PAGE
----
Just arrest them for it. Oh, and sweep them under the rug before the Republican debate, because that might look bad.
So I’m posting from a protest, using Starbuck’s wireless. How punk rock is that?*
Here’s the gist. My city has had a growing homeless problem ever since developers came in and started tearing down affordable homes and apartments to make way for condos and retail plazas. Now the bottom’s fallen out of the market, and you have situations like I have next door- affordable apartments for nearly 200 people were razed, to make way for townhomes. Of course, when the market crashed, they ditched the plans. So what once was affordable housing for hundreds is now a vacant lot.
More and more building have converted into condos (I think the number was somewhere around 4,000 units in 2005) so the working poor have been edged out of their homes.
The homeless population burgeoned dramatically. In an effort to provide a sense of community, stability, and to provide for practical needs like shleter St. Vincent de Paul (a Catholic charity dedicated to helping the homeless) allowed the homeless to camp out near their soup kitchen (using tents provided by a charitable soul). The city kicked the homeless off the public streets, so they moved to a lot owned by St. Vincent de Paul. Well, then the city decides it’s illegal to sleep in a tent on private property, and the SPPD attacked the tents (private property!) with boxcutters.
The city has done virtually nothing about the homelessness epidemic. We have very few shelters as it is, and many shelters have time limits on how long you are allowed to stay or don’t accept families. After political pressure due to the boxcutter incident, the city has decided to allow an outdoor shelter with tents. Oh, like the tent city. But no- on the other end of town, actually in unincorporated Pinellas County, a good 2 busrides from downtown where most of the homeless are.
And this new tent city? It won’t accept families- so homeless children are SOL. Not to mention it will only provide shelter for 250 people, a fraction of the thousands of homeless in the city.
But it’s worse than that. The city recently passed an ordinance that the homeless can be arrested for sleeping on the street if there’s shelter space available. Yes, that will surely fix the problem. :rolleyes: Of course, having to beg for money, searching through trash cans for food or the odd can that you can sell for 50 cents a pound, not being able to shower, and living in constant fear of violence, that couldn’t possibly be enough of a deterrant. And what are the homeless supposed to do, take a cab across town to get to the shelter on the off-chance there’s a bed available?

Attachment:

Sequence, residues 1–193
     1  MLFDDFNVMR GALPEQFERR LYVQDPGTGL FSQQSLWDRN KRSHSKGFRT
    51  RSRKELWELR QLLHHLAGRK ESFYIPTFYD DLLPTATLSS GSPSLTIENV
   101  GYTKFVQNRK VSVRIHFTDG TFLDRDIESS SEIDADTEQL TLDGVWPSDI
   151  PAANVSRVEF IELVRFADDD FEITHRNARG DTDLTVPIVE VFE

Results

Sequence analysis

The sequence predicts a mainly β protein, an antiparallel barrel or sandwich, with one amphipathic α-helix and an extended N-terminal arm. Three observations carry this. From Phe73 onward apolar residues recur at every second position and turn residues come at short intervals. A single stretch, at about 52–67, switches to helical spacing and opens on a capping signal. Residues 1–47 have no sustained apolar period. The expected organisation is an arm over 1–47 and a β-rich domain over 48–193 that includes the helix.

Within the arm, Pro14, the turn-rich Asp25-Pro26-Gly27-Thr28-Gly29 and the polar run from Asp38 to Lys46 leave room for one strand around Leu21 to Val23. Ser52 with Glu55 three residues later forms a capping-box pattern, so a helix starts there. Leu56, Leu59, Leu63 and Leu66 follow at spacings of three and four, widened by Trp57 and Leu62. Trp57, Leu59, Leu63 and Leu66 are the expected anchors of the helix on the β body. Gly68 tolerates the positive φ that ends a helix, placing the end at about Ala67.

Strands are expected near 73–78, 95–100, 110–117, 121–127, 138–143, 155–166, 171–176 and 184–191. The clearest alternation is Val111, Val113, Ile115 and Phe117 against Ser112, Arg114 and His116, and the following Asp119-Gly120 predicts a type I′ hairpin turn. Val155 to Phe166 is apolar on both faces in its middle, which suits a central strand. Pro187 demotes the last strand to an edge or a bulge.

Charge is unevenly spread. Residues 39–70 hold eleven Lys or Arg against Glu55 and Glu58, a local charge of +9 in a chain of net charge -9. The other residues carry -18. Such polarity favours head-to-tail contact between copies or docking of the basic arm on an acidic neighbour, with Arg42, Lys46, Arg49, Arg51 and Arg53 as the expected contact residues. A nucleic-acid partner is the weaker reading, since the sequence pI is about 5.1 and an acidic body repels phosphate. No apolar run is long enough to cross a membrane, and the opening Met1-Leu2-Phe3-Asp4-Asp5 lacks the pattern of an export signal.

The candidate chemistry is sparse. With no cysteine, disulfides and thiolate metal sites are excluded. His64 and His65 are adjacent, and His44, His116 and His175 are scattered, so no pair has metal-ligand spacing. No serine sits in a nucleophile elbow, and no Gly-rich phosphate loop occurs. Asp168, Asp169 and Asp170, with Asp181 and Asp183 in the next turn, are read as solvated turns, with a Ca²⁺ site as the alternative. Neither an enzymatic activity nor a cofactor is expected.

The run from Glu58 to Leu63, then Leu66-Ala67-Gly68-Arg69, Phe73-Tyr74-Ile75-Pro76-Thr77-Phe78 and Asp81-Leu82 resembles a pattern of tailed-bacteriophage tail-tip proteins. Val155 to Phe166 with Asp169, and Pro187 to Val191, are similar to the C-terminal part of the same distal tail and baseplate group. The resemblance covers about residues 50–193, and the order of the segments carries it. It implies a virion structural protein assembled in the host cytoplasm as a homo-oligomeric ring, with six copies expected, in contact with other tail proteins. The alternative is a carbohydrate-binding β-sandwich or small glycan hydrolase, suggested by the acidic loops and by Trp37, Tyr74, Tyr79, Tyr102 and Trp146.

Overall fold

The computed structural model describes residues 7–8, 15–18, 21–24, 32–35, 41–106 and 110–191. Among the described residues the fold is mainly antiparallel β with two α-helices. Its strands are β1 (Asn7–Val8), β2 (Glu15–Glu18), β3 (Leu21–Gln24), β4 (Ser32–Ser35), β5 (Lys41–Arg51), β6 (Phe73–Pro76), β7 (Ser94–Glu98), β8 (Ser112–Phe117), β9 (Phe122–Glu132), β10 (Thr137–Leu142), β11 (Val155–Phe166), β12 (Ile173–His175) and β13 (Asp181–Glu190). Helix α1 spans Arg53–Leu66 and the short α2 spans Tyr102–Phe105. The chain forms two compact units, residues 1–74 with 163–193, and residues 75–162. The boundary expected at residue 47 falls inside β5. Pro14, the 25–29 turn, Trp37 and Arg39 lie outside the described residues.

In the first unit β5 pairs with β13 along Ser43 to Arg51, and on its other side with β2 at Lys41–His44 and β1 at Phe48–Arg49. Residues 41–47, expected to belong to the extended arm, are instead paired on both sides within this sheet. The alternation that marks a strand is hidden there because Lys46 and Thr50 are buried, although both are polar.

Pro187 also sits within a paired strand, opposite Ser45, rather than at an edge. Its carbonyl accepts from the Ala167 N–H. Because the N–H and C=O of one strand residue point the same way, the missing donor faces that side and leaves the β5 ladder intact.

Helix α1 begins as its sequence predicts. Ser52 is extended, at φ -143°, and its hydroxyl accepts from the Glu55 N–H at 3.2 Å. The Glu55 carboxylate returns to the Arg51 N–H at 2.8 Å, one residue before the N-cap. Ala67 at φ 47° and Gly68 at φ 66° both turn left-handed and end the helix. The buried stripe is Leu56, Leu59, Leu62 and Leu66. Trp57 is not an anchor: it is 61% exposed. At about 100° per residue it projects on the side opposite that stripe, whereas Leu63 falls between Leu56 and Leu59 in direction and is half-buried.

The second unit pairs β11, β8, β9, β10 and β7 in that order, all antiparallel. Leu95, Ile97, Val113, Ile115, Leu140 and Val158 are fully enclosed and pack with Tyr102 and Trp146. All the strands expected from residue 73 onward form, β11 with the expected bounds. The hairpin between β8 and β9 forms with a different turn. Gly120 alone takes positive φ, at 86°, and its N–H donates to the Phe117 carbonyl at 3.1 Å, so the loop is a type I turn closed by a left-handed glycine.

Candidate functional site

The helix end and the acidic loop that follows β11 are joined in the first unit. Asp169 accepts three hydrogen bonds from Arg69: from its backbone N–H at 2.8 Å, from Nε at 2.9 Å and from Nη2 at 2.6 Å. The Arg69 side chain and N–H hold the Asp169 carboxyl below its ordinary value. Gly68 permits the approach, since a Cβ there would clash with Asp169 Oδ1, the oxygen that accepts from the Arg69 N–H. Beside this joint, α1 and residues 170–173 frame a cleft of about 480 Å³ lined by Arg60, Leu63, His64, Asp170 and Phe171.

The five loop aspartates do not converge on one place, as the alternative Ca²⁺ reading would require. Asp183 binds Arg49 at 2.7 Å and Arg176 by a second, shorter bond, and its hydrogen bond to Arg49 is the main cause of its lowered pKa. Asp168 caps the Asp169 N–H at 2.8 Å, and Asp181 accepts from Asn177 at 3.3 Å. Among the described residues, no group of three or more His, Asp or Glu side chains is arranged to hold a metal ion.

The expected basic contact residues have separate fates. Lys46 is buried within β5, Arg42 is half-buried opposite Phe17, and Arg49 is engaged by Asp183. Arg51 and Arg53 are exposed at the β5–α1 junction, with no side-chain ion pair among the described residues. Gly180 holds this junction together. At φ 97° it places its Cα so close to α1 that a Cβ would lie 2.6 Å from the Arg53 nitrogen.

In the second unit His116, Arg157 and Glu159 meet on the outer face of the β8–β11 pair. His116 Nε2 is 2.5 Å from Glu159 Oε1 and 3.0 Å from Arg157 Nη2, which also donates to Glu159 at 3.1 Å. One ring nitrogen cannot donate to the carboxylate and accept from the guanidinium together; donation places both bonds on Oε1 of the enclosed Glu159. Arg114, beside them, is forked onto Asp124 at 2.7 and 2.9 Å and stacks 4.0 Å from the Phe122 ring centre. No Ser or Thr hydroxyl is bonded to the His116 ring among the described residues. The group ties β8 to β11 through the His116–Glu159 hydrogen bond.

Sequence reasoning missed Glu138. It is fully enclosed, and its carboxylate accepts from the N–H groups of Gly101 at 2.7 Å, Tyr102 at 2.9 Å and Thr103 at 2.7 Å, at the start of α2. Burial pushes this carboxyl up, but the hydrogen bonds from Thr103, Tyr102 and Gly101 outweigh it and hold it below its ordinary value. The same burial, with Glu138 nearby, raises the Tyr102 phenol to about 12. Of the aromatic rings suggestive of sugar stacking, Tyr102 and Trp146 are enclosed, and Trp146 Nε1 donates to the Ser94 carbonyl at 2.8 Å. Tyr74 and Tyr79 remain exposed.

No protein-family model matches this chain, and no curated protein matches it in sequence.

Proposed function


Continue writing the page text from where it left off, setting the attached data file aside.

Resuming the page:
So activists organized a protest outside the upcoming Republican debate, to “shame” the city into action. It started on Sunday, and includes a hunger strike (for the activists- the homeless are being fed). My boyfriend, the aspiring photojournalist, hasn’t slept or eaten in nearly 48 hours, and has been interviewing and photographing the homeless and activists. Some of their stories would break your heart.
Anyhow, onto the pitting.
A hearty “fuck you” to
[li] CNN, whose crew spent the morning harassing the homeless and activists with idiotic shouts from across the street.[/li][li] the City of St. Petersburg, for caring more about the money than showing compassion to other human beings.[/li][li] The St. Petersburg Police Department, for laughing about the 60-odd people they ROR’ed from jail to make room for the homeless they’ll be arresting starting on December 1st. Oh, and for harrassing me for parking in a loading zone for 5 minutes while handing out bottles of water to the homeless. Fuckbitches.[/li][li] Mayor Rick Baker, for being an ignorant, uncaring douchebag.[/li][/ul]
However, (I know this is out of place for a pitting) a humble thanks for the fine folks at Starbucks and the Hilton, who have been gracious hosts to their new sidewalk tenants, and provided coffee and donuts this morning.
- I bought a drink, so I’m not stealing their wireless.